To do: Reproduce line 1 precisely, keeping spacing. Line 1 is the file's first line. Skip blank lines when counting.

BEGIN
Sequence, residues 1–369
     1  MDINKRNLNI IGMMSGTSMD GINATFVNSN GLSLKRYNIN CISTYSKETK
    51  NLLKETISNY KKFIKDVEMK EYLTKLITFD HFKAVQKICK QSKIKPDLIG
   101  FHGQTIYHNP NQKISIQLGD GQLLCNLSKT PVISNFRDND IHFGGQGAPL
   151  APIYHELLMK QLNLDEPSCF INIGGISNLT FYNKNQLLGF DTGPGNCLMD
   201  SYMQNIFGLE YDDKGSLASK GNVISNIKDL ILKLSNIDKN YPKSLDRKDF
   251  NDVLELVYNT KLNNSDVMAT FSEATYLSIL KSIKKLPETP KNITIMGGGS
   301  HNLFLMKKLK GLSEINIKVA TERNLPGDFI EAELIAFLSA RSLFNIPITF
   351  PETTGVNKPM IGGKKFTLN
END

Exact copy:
Sequence, residues 1–369